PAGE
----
In 1946 he moved to the coastal town of Walvis Bay, where he got exposed to modern world politics by meeting soldiers who had been brought there during World War II. At the beginning of 1949, Nujoma went to live in Windhoek where he started working for the South African Railways.
On 6 May 1956, he got married to Kovambo Theopoldine Katjimune. With a deep passion for politics and yearning to see his people free from the restricted pass law system and confined according to ethnic groupings, Nujoma resigned from the South African Railways in 1957 at the age of 29. He did so with the purpose of devoting his time to politics.
In 1959, he was elected Leader of the Owambo People's Organisation (OPO) which was aimed at ending the then contract system and ending the South African colonial administration by placing South West Africa (SWA) under the UN Trusteeship system.
Nujoma petitioned the UN in the late fifties, demanding that the then South West Africa be placed under the UN Trusteeship system. In April 1960, he attended the All African People's Conference organised by President Kwame Nkrumah of Ghana against the French Atom Bomb test in the Sahara Desert.
After Ghana, Nujoma went to Liberia and finally reached the USA in June 1960 and petitioned before the UN Fourth Committee of the General Assembly demanding the end of the South African colonial administration of the then SWA.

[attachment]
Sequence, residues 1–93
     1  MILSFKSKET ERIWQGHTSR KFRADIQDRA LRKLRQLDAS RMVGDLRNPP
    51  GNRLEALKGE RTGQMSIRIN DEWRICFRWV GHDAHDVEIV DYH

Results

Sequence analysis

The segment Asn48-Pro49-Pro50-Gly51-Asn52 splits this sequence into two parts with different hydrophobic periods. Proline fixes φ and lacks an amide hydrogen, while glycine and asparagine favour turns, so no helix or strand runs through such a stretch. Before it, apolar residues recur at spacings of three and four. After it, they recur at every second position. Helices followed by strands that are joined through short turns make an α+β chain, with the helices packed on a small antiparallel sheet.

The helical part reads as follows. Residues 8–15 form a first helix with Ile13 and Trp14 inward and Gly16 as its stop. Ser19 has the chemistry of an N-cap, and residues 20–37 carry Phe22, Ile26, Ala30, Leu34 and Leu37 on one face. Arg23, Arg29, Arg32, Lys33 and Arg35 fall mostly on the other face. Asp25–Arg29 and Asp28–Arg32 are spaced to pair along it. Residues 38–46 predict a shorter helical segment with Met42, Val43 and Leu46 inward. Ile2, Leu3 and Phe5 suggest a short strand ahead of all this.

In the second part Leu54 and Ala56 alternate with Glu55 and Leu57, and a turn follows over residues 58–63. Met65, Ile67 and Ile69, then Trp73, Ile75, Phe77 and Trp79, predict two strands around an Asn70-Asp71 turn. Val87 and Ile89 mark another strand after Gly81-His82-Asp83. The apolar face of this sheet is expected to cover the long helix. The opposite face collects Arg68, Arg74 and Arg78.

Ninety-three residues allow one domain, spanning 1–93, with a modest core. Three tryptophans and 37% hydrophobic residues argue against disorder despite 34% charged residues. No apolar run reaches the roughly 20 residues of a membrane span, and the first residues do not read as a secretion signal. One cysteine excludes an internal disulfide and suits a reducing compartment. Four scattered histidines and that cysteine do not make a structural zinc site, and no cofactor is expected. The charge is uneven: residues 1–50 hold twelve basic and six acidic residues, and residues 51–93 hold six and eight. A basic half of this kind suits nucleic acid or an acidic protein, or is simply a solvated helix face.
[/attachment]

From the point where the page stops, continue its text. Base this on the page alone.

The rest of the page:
Meanwhile, the South West Africa People's Organisation (Swapo) was formed on 19 April 1960 and Nujoma was elected as the President of the movement in absentia. In March 1966, he returned to Namibia from exile but was arrested and deported to Zambia.
Nujoma organised the first armed struggle on 26 August 1966. Since Namibia's independence in March 1990, this event has been commemorated annually as part of Heroes' Day. From 1977 to 1978, Nujoma led the Swapo negotiations team between the Western Five Contact group and South Africa on the one hand, and the Frontline States, Nigeria, and Swapo on the other, which culminated in the adoption of the UN Security Council Resolution 435 (1978). Thereafter on 19 March 1989, the signing of the cease-fire agreement with South Africa took place, which resulted in the implementation of the UN Security Council Resolution 435. In Namibia's first democratic elections for a Constituent Assembly, Swapo gained a majority and Nujoma was sworn in as the First President of the Republic of Namibia and Commander-in-Chief of the Namibian Defence Force.
He was re-elected for two more terms of office in 1994 and 1999 respectively, in recognition of his wise and dynamic leadership. Through his leadership, Swapo adopted the Policy of National Reconciliation under the motto: One Namibia, One Nation. He successfully united all Namibians into a peaceful, tolerant and democratic society governed by the rule of law.
In recognition of his dedication to his selfless sacrifice to the national liberation struggle and nation building, the Parliament of the Republic of Namibia enacted legislation in April 2005, declaring him the Founding President and Father of the Namibian Nation.
He stepped down on 21 March 2005 to enable his successor, Hifikepunye Pohamba, to take over the reins. He served as the leader of the Swapo Party for 47 years and handed over the power to Pohamba in 2007.
Nujoma was awarded honours and awards for his outstanding leadership, courage and total commitment towards the creation of a non-racial society in Namibia.